Purchasing Power: Representing Prostitution in Eighteenth-century English Popular Print Culture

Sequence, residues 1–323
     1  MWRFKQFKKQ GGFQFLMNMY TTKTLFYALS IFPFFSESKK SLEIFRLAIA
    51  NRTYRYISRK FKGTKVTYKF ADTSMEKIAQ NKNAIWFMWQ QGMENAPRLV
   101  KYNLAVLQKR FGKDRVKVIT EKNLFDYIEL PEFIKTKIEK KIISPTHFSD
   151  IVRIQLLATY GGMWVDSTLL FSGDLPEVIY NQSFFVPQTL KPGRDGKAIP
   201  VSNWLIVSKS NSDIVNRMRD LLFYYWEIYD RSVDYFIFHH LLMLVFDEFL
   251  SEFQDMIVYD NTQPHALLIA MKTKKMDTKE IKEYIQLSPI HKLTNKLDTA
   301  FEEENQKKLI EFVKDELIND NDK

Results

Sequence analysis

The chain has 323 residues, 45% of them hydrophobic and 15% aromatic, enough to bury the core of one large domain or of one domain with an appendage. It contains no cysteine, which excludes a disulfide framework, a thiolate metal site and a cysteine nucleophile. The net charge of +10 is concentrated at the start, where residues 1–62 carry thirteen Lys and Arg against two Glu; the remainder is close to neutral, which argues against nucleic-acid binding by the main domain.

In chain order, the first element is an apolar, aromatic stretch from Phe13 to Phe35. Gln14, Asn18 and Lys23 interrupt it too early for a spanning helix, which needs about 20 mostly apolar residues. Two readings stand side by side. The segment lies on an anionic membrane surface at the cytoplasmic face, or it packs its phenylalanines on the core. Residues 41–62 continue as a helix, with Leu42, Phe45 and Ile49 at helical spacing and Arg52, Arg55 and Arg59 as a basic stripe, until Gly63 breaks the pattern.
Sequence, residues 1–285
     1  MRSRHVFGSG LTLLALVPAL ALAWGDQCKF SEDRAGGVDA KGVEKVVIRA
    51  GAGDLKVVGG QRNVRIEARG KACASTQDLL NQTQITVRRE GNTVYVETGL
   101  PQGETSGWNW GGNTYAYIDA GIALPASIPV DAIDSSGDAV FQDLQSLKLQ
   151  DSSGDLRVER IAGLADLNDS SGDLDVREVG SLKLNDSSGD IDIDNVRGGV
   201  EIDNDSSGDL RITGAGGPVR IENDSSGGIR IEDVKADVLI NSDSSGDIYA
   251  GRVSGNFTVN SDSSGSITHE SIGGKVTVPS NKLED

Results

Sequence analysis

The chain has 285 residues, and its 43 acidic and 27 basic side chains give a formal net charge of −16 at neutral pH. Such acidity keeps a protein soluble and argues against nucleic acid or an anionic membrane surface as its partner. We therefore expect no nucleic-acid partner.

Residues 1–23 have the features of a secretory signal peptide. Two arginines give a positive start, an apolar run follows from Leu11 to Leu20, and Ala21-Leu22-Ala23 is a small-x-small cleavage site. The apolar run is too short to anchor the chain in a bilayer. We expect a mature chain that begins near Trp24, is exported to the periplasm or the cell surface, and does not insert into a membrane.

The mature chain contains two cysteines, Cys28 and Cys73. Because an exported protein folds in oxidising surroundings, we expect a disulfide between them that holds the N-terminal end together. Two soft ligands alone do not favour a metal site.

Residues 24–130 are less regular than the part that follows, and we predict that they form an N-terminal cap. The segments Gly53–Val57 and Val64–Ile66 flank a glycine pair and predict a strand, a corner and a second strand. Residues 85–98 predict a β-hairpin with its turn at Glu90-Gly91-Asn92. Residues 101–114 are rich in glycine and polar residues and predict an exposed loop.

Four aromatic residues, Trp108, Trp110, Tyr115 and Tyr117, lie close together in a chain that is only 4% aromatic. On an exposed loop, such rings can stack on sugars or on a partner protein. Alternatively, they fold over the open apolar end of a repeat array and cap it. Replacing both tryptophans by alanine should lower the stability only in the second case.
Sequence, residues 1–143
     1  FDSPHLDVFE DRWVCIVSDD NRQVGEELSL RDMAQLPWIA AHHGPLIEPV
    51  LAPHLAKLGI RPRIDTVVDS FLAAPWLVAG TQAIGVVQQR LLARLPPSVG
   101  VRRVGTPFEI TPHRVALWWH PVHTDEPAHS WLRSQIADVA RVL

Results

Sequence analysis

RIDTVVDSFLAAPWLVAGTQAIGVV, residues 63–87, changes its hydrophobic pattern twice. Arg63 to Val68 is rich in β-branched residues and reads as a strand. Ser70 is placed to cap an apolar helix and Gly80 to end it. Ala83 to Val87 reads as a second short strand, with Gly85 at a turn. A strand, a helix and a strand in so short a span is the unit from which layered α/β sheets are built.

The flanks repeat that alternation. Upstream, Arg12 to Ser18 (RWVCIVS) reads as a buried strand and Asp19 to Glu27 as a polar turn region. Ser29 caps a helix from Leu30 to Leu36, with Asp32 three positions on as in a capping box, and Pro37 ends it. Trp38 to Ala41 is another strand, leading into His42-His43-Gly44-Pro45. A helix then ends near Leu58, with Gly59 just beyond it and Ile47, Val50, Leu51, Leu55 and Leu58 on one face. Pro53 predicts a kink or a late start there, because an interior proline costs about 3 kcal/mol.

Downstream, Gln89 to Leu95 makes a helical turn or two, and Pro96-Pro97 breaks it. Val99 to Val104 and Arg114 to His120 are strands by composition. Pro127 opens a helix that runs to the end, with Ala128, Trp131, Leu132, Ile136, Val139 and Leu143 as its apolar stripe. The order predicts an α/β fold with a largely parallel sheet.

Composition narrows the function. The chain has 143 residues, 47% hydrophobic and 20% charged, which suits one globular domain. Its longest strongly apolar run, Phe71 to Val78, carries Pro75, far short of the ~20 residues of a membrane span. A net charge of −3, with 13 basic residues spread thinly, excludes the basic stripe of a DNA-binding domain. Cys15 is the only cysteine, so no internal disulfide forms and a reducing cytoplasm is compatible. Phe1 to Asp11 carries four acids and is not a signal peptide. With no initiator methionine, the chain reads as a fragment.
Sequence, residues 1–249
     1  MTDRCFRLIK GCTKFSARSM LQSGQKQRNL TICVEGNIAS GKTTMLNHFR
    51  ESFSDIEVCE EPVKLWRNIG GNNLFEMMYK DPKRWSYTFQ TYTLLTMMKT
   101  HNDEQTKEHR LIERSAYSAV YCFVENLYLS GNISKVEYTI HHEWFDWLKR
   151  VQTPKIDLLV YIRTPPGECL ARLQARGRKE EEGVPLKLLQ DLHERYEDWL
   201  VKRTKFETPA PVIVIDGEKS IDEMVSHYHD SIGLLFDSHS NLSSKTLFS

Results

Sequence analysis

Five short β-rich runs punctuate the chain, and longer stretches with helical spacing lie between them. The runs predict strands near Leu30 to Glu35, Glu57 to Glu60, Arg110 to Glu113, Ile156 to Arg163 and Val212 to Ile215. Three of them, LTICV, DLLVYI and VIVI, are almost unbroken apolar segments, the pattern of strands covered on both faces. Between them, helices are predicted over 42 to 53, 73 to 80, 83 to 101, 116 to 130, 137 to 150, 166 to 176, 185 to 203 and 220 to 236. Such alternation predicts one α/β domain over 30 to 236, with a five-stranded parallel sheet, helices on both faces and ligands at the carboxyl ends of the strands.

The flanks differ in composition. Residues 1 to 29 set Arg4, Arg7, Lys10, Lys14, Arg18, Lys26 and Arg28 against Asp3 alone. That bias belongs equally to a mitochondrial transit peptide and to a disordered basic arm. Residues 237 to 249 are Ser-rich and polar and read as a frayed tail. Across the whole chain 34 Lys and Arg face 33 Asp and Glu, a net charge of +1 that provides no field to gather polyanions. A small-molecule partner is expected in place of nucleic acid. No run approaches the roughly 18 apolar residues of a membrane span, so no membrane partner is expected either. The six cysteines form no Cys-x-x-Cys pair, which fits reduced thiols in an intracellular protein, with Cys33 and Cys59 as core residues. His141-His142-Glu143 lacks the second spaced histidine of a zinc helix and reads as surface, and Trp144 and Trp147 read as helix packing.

Prostitution was central to popular print depictions of London in the eighteenth century. Whether deployed as incidental colour in street scenes or providing the sole subject matter for prints, the figure of the prostitute lay at the very heart of the project to depict the fabric and character of the emerging metropolis. In this, the first in-depth examination of the numerous images of prostitution produced for London's print market throughout the eighteenth century, Sophie Carter challenges perceptions of the period as an era of healthy and largely tolerant ribaldry, demonstrating instead how such imagery was born of and riven by extreme cultural anxiety.Situating images of prostitution within the wider social context of their production and reception, and drawing on a range of contemporary moral, legal and literary discourses, Carter presents the prostitute as a key figure through which to trace prevailing attitudes towards gender, sexuality and public order in the context of urban culture. Identifying these images as a coherent and distinct category of popular print imagery, she also shows how they constitute a valuable site through which the public role and representational strategies of popular print culture itself can be explored.
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